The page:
RSF: Fewer Journalists Killed and Arrested in 2000
The international press watchdog Reporters Sans Frontiers (RSF -- Reporters without Borders,) said Wednesday that fewer journalists were killed or arrested for their work or their opinions in 2000 than in the previous 12 months, reported AFP.
The latest Palestinian Intifada had witnessed the killing and injuring of Journalists as they were on duty reporting clashes in the Palestinian territories, according to Palestine’s WAFA news agency.
Palestinian Aziz Yossif Al Teneh, head of WAFA office in Bethlehem, was shot by Israeli fire in clashes on the 28th of October 2000. Teneh was transferred to Jordan for treatment and later on died of injuries.
However, Paris-based RSF said 26 journalists were killed last year compared to 36 in 1999, while the number of arrests had dropped from 446 to 329, the AFP added.
As of January 3, the group said 77 journalists were being held in jails worldwide, which it said was the lowest figure in recent years.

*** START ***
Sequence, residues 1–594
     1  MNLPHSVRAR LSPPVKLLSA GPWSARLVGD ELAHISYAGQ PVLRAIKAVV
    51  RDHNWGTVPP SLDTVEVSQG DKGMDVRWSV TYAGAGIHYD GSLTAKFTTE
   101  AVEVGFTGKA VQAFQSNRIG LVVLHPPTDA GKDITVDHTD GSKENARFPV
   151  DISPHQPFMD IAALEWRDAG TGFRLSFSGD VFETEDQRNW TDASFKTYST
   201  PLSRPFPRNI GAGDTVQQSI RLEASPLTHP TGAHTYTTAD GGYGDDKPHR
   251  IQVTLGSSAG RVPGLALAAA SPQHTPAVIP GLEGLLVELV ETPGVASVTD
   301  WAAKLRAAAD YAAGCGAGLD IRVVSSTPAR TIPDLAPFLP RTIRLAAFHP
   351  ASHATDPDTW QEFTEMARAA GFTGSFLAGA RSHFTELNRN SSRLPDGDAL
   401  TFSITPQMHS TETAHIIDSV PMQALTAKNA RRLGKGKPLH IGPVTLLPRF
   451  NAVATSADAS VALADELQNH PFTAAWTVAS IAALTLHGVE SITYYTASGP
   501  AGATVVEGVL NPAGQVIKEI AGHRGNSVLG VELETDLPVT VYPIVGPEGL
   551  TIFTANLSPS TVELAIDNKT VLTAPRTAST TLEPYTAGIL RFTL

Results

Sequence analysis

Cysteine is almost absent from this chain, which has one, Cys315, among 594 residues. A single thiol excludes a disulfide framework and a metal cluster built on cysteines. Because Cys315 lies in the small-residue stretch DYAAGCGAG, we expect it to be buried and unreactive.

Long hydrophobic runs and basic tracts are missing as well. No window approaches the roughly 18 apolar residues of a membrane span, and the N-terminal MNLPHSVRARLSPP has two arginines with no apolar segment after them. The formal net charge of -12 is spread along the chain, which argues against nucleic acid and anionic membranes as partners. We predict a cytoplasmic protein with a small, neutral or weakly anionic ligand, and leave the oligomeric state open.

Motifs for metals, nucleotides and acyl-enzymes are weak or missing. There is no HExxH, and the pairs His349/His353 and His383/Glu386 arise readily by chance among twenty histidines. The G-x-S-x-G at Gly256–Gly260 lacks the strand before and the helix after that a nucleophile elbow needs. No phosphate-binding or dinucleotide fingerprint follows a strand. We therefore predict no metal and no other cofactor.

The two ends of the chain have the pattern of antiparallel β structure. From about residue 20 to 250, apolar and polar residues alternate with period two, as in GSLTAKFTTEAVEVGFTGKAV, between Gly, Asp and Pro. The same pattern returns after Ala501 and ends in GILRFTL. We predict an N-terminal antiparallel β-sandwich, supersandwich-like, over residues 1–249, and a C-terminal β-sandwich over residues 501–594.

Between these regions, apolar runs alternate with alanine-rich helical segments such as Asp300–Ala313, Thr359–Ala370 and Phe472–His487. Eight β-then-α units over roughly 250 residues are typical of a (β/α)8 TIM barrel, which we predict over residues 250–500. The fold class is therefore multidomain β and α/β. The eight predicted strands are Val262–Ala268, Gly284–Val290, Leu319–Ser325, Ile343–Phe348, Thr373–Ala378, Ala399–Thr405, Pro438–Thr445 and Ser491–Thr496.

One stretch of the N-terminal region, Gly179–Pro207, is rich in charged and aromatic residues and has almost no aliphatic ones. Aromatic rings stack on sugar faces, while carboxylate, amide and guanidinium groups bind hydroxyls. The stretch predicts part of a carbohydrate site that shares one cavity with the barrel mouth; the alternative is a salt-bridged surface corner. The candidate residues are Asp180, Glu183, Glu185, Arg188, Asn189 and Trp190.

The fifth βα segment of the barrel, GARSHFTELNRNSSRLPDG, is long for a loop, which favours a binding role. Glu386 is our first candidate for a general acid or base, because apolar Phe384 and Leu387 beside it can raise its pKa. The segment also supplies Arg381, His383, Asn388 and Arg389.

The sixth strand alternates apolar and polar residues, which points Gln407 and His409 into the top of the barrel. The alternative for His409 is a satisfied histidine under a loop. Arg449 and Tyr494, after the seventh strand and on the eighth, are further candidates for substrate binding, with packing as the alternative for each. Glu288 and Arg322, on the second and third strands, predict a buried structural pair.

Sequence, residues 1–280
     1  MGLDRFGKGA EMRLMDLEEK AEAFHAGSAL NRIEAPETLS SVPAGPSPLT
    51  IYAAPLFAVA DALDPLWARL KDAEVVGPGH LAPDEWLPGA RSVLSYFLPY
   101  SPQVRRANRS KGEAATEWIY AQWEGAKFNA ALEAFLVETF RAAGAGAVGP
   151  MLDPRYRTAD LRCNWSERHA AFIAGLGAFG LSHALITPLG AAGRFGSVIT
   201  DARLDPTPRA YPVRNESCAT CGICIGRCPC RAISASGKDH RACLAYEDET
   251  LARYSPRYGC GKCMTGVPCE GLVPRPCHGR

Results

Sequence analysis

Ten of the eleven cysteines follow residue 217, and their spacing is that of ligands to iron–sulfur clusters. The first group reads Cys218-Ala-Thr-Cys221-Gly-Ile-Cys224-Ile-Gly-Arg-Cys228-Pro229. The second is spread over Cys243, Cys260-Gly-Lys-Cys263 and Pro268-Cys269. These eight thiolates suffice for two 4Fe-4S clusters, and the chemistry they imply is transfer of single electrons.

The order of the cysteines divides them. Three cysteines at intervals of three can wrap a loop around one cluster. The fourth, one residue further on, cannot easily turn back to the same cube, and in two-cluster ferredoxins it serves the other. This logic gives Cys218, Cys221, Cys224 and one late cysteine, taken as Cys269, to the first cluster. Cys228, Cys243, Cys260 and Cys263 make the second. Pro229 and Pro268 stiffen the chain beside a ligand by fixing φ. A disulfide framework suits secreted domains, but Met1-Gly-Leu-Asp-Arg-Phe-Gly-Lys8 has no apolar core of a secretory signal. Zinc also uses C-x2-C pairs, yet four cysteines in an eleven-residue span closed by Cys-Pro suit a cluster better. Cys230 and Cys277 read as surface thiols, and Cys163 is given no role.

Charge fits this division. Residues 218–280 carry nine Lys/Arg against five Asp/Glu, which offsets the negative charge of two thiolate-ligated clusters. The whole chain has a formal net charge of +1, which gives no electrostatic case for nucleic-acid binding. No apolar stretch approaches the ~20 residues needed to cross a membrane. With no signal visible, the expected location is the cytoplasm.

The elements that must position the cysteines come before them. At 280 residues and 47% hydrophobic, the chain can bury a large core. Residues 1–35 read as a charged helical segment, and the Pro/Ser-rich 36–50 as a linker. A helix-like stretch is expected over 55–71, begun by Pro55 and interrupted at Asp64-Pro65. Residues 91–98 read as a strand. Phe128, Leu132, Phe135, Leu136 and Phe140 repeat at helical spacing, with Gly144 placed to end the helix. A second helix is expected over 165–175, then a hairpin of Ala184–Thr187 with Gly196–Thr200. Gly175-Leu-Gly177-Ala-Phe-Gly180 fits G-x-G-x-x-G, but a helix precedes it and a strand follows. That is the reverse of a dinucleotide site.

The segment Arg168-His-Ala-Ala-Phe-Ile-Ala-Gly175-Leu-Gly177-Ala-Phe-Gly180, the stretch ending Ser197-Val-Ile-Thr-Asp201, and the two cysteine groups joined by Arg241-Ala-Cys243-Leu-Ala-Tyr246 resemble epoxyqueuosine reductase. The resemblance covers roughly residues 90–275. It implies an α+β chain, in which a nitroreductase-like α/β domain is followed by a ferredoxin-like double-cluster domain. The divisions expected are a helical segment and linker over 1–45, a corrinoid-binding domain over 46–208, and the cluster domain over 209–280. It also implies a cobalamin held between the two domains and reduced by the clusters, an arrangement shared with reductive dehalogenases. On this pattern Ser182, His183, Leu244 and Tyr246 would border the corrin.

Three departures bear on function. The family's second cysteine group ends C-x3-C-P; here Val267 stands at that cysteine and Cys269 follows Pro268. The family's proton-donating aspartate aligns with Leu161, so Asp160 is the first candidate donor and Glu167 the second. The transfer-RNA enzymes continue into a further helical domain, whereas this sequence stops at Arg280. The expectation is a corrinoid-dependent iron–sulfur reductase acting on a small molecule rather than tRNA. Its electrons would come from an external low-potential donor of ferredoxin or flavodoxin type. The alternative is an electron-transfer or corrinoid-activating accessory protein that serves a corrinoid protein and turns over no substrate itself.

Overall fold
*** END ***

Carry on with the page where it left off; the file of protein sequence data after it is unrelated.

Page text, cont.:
Of the journalists who died, RSF said 22 were killed over their work and four others died in attacks in which it was not easy to determine if they had been targeted.
According to RSF, eleven were killed by rebels or separatist groups "fighting those in power," it said, including three in Sierra Leone, two in Sri Lanka and two in Colombia.
More than half the journalists imprisoned worldwide were being held in just four countries: 13 in Myanmar, 12 in China, 10 in Iran and nine in Ethiopia, said AFP.
A total of 295 media were censored or suspended during the year 2000 compared to 357 in 1999. The most repressive countries were Iran, which closed down 30 news outlets, and Turkey.
While RSF was pleased the figures were coming down, it said around 20 countries were still harassing reporters and that about a third of the world's population still had no access to a free press – (Several Sources)
© 2001 Al Bawaba (www.albawaba.com)
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